Location: Wenatchee, Washington2011 Annual Report
1a. Objectives (from AD-416)
1. Phenotyping fruit maturation and ripening behaviors including fruit firmness, crispness, ripening season, fruit size, and storability for 6-8 cultivars and selected seedlings in Pink Lady x Honeycrisp progeny, in a developmental stage-specific fashion. 2. Characterizing expression patterns of 20-25 previously identified candidate genes, implicated in plant hormone biosynthesis, transport and response by qRT-PCR method and analyzing their association with the specific traits of apple fruit ripening pattern and quality attributes.
1b. Approach (from AD-416)
Apple fruit ripening behaviors and fruit quality attributes including ripening season, fruit firmness and fruit size will be characterized for selections in a "Pink Lady x Honeycrisp” progeny. The expression patterns of 20-25 previously identified candidate genes, implicated in plant hormone biosynthesis, transport and response will be analyzed by qRT-PCR method. Association of expression with the specific traits of apple fruit ripening pattern and quality attributes will be assessed.
3. Progress Report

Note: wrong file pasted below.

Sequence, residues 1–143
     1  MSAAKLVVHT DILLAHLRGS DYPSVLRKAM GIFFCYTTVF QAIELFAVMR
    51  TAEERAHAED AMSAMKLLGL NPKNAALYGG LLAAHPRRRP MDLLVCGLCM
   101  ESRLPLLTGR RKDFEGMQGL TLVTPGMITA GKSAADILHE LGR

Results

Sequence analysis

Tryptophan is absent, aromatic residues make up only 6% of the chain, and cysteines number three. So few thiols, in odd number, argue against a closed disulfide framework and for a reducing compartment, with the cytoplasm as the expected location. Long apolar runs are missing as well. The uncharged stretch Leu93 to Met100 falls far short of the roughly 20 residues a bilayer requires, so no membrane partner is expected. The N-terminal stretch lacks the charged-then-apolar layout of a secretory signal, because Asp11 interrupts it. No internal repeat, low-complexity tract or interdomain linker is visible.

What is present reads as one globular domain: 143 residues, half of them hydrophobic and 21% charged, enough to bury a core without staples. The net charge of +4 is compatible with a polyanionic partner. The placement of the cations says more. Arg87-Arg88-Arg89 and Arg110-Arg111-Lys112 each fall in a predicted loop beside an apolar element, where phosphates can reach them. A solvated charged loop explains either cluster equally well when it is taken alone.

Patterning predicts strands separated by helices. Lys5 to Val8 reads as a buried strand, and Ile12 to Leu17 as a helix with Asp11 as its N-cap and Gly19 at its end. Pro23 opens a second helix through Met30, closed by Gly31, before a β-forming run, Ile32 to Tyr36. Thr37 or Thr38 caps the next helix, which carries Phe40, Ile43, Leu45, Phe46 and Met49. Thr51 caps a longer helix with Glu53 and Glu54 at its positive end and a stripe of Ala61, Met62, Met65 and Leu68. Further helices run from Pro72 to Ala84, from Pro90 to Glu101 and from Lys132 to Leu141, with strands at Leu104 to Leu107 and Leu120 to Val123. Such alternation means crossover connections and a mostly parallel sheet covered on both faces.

This project relates to objective 1 of the associated in-house project which seeks to identify factors that influence postharvest fruit quality and development of market limiting physiological disorders. Plant hormones are the major regulators on apple fruit ripening process and quality. Understanding the molecular mechanism of plant hormone regulation on cultivar-specific fruit quality and ripening patterns would be the first step in developing molecular breeding tools, such as gene-specific functional markers. These tools are important for improving precision and efficiency in apple breeding, and could also potentially generate innovative technology to manage ripening and quality. Several candidate genes based on our previous global gene expression analysis were selected for further study regarding their specific association with apple fruit ripening behavior. Phenotypes such as fruit ripening date, firmness and size for selections in a cross population were characterized and categorized. Fruit from 12 individuals in each phenotypic group (early or late-ripening; firm or soft fruit; small or large fruit) were selected for gene expression analysis. Gene-trait association analysis (associated segregation) suggests that the expression levels of a few candidate genes with the annotated functions in plant hormone metabolism, transport and response show significant correlation with these phenotypes. For more systematic analyses of these candidate genes for their specific association with ripening season and fruit texture traits, six elite cultivars with distinct ripening behavior (ripening dynamics and ripening time) are currently being characterized. Selected candidate genes are being aligned with the currently available apple genome sequence for more accurate interpretation of their roles in regulating fruit ripening and quality. Progress is monitored through annual submission of written reports to the funding organization.